Published Online: February 28, 2006
Published in Print: March 1, 2006, as Educator Condemns Lack of Respect for Teacher Prep

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Educator Condemns Lack of Respect for Teacher Prep

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Citing American students’ relatively poor showing in math and science on international tests such as PISA—the Program for International Student Assessment—a nationally renowned professor of education at Stanford University is calling for strengthening rather than bypassing teacher-preparation programs to improve student achievement.

At the annual conference of the Association for Teacher Educators, held here Feb. 18-22, Linda Darling-Hammond decried what she said were attempts by politicians such as former U.S. Secretary of Education Rod Paige to erode teacher preparation. Pointing out that student-achievement gains are more influenced by classroom teachers than any other factor, she said the focus should be on providing new teachers with enough tools to be successful.

“We need to be artistic in articulating how to prepare teachers, rather than lowering standards. It would be penny-wise and pound-foolish to bring people into teaching unarmed,” she said.

As an example, Ms. Darling-Hammond pointed to Finland, where students have zoomed to the top on PISA. The Finns, she said, “put most of their investment into teacher education. … They invest in the abilities of professionals.”

To make her point that teacher education is “one of the most important and challenging fields,” Ms. Darling-Hammond outlined a plot for a segment of the popular reality-television show “Survivor”: Six business people would be dropped into an elementary school that included high-needs students, some with ADHD and some who speak no English. They would be expected to multitask as every teacher does, from teaching students to documenting benchmarks to maintaining discipline. There would be no golf, except on Sundays, but that wouldn’t matter because they couldn’t afford to play anyway on their new salaries.

“The winner,” she concluded to peals of laughter from the audience, “will be allowed to return to his or her job.”


At Western Washington University in Bellingham, all teacher-education students are required to take an acting-skills class. By the end of the course, even the most socially awkward students are well on their way to becoming engaging teachers, Lauren G. McClanahan, one of the course’s founders and teachers, told her audience at one ATE session.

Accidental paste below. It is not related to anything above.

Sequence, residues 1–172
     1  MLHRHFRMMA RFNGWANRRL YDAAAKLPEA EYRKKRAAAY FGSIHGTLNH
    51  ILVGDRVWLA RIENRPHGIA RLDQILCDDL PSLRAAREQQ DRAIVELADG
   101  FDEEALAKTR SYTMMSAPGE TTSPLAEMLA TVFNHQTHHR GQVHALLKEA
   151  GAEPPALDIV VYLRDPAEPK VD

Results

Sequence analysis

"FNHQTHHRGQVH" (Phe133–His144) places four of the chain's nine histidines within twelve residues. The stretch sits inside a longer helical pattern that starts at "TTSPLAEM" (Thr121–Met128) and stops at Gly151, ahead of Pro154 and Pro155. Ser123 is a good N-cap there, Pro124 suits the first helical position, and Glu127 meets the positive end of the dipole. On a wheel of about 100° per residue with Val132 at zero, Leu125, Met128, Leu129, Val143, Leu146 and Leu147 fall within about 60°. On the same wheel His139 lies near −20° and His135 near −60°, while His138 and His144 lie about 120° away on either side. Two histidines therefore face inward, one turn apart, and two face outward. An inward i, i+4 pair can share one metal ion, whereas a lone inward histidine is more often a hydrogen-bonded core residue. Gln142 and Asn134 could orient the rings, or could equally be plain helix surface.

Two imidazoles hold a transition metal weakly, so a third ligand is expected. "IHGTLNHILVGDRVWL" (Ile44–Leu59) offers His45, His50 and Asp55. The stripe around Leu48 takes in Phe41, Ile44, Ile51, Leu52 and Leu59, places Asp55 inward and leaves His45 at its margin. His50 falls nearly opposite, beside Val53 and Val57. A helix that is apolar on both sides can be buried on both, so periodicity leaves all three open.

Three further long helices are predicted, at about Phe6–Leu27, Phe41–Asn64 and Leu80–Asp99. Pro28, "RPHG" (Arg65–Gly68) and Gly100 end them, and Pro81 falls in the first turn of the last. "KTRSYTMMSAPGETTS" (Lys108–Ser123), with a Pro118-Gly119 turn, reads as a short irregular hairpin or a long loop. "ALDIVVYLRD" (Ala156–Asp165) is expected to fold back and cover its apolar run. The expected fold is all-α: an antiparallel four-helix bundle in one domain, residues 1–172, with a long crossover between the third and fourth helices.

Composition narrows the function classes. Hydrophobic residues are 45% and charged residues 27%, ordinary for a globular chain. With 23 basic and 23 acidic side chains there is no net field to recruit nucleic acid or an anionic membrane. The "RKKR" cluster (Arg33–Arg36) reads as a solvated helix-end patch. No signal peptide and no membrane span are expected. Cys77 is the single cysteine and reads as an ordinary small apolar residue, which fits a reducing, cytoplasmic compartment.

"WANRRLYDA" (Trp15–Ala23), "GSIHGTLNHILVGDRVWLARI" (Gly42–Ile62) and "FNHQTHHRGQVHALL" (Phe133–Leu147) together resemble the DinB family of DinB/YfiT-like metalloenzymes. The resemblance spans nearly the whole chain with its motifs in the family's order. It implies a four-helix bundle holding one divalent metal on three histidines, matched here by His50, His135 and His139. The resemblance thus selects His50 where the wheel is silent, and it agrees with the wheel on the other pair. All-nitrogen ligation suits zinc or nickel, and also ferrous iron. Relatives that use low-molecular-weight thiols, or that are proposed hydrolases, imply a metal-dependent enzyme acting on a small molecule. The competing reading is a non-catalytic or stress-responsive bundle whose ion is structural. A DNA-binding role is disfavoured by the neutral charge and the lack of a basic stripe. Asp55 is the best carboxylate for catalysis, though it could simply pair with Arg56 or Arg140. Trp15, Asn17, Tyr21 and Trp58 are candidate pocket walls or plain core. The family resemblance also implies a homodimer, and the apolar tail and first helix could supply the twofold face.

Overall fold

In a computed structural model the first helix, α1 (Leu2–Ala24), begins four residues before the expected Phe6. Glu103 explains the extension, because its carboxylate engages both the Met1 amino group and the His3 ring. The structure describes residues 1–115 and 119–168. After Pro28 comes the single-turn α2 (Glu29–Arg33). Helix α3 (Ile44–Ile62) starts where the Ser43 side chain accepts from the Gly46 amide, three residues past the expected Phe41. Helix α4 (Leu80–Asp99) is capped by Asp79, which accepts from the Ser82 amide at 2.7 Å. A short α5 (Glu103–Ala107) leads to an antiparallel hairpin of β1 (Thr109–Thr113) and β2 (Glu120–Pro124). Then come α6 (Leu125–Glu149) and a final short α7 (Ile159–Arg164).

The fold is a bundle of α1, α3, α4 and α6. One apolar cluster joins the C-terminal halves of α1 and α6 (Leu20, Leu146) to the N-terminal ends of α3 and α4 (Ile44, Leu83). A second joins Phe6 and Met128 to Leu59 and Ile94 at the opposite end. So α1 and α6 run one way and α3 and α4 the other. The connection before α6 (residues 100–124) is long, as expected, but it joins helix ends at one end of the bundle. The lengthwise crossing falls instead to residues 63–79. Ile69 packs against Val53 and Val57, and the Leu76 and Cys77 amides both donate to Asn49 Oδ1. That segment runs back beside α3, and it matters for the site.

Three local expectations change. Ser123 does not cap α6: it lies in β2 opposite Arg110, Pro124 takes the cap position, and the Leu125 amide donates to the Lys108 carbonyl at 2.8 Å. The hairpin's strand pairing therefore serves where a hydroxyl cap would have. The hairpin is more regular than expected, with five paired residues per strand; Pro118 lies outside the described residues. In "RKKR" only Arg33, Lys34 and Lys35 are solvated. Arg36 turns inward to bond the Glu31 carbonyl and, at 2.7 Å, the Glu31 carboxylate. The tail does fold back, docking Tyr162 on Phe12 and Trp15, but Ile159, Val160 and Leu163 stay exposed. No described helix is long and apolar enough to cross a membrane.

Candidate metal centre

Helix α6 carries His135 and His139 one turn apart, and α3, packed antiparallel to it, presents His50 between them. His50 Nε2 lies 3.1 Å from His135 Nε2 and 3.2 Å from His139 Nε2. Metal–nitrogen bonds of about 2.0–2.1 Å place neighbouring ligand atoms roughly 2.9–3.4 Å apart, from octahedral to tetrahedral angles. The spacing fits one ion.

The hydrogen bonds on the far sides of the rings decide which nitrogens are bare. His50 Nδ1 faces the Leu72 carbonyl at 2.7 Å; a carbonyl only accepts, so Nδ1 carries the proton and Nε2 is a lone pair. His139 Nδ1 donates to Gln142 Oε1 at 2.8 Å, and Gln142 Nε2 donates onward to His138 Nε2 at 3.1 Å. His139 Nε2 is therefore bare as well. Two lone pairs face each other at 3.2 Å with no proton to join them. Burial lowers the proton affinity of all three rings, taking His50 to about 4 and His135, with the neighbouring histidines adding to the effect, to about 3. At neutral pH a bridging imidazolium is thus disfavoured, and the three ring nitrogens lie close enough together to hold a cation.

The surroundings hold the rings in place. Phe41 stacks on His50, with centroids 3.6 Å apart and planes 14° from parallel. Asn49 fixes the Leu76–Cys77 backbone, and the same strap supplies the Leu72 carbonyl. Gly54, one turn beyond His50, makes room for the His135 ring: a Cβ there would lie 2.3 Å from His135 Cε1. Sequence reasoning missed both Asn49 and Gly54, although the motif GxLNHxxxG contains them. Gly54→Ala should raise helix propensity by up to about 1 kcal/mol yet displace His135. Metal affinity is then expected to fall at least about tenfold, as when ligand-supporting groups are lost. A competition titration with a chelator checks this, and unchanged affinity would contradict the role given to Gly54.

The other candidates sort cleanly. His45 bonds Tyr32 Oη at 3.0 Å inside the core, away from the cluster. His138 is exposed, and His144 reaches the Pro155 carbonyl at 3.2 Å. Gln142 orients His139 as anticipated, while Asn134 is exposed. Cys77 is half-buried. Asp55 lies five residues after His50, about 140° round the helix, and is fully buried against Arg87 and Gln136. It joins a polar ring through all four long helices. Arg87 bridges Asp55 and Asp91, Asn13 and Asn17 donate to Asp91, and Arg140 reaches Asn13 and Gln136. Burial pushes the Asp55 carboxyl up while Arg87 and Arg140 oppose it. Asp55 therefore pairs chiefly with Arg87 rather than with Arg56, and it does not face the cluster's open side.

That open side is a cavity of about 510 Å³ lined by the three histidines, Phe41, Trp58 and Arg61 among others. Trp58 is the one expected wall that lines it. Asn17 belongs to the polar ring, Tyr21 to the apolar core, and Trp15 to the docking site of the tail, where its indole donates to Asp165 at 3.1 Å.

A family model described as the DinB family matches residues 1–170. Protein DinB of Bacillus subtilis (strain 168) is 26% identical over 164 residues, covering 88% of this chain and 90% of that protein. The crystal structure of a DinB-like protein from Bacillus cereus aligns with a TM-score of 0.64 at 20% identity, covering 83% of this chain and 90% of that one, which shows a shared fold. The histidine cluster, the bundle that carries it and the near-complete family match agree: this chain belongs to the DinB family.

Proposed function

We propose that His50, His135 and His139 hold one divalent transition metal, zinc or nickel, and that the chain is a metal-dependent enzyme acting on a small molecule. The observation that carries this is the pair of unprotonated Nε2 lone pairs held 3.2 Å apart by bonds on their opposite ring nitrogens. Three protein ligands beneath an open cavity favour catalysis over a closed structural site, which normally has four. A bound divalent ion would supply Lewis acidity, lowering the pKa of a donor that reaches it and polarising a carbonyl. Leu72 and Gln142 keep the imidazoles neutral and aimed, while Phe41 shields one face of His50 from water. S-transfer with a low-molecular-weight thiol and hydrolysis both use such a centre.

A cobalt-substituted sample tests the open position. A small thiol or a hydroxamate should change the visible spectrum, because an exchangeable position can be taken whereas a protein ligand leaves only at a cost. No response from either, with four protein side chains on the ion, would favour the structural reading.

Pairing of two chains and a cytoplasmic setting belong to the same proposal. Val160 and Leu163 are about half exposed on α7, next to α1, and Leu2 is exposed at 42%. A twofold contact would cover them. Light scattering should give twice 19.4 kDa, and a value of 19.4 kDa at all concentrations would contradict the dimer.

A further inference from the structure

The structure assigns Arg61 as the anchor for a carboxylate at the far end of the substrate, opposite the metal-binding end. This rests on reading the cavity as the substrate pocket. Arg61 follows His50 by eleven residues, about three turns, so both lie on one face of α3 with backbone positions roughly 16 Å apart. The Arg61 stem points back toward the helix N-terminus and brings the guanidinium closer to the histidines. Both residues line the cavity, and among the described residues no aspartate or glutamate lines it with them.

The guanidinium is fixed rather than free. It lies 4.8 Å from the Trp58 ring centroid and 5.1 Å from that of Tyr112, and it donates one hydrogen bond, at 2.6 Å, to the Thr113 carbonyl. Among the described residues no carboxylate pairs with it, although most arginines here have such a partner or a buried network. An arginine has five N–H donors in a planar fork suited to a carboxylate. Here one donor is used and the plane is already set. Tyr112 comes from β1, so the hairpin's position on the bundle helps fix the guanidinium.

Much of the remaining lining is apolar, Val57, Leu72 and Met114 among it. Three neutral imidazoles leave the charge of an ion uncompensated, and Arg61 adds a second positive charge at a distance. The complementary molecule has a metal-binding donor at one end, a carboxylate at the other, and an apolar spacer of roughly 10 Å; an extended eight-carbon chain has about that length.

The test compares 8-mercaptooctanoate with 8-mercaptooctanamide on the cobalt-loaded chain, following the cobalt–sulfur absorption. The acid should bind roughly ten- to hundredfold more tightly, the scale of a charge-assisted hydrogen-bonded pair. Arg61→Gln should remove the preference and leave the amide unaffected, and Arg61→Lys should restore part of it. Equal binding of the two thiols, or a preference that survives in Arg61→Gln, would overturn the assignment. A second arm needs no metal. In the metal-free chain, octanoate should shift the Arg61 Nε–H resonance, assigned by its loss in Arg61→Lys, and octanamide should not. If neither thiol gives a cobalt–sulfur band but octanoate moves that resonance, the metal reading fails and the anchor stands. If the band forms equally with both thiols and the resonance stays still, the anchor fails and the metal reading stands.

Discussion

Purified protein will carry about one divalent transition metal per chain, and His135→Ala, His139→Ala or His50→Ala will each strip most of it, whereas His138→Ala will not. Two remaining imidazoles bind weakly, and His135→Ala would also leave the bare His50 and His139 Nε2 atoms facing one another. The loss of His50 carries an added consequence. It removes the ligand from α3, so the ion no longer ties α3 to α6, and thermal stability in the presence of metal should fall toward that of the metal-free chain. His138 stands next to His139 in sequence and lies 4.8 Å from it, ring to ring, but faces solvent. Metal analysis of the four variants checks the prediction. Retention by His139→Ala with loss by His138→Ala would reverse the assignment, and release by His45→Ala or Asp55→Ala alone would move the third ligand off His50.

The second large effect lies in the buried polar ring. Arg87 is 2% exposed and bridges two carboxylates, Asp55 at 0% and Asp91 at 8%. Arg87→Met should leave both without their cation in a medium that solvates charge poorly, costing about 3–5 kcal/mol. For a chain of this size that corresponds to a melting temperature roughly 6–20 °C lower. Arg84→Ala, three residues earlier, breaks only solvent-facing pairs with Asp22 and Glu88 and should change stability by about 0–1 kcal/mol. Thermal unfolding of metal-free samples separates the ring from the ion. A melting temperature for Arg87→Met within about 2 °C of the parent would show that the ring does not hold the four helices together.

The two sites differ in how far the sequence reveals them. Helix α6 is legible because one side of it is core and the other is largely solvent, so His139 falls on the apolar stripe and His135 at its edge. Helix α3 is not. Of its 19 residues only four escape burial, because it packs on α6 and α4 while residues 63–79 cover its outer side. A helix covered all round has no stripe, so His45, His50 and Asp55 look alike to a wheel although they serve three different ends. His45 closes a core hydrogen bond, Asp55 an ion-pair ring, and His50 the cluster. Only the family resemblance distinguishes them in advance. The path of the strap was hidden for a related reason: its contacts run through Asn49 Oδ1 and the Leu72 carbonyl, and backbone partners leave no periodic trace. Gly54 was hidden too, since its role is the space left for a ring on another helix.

At the beginning of the acting class, students are asked to create an original pantomime between 3 minutes and 5 minutes long on teaching adolescents, parenting adolescents, or being an adolescent. Students are also challenged to project their voices effectively while maintaining eye contact with the audience.

Ms. McClanahan said students, although initially wary about taking the class, show great creativity once they are actually in it.

She showed video recordings of students at the start and end of the course to demonstrate the difference it made. In one instance, a gawky man who appears fidgety and afraid to make eye contact is transformed into a confident speaker.

The idea for the class, Ms. McClanahan said, originated with the realization that new teachers often fail to do well because of inadequate presentation skills.

At the end of their university program, she said, students often recall the acting-skills class as being their most memorable. “It was not the most intellectually challenging, perhaps,” Ms. McClanahan said, “but they say it was the most practical.”


In the usual portrait, new teachers are so overwhelmed by the basics of the job, they can’t focus on individual students who are falling behind.

But Steven Z. Athanases, an education professor at the University of California, Davis, and Betty Achinstein, a researcher at the New Teacher Center of the University of California, Santa Cruz, challenged that view in a session here. They said that even first-year teachers who get the right mentoring can serve underperforming students better than they often do now.

Drawing on the “wisdom of practice” provided by 37 teachers who lead new-teacher-induction programs and case studies of pairs of mentors and new teachers, the researchers detailed the wealth of knowledge mentors need to do the job. Mentors must be equally adept observers of the teacher’s students and of the teacher, for instance. They should also know the academic expectations for the teacher’s grade and subject, according to the researchers.

Especially important for mentors, the researchers said, is being ready with multiple ways of assessing both the progress of the teacher’s students and the skills of the teacher.

With the help of mentors, Ms. Achinstein said, “beginning teachers were able to see how to use assessment to individualize instruction.”

“Betty and I firmly object to the notion,” added Mr. Athanases, “that ‘survival mode’ must occur.”

The research won the ATE’s distinguished-research award this year. A book building on that research, Mentors in the Making: Developing New Leaders for New Teachers, was published this year by Teachers College Press.

Vol. 25, Issue 25, Page 8

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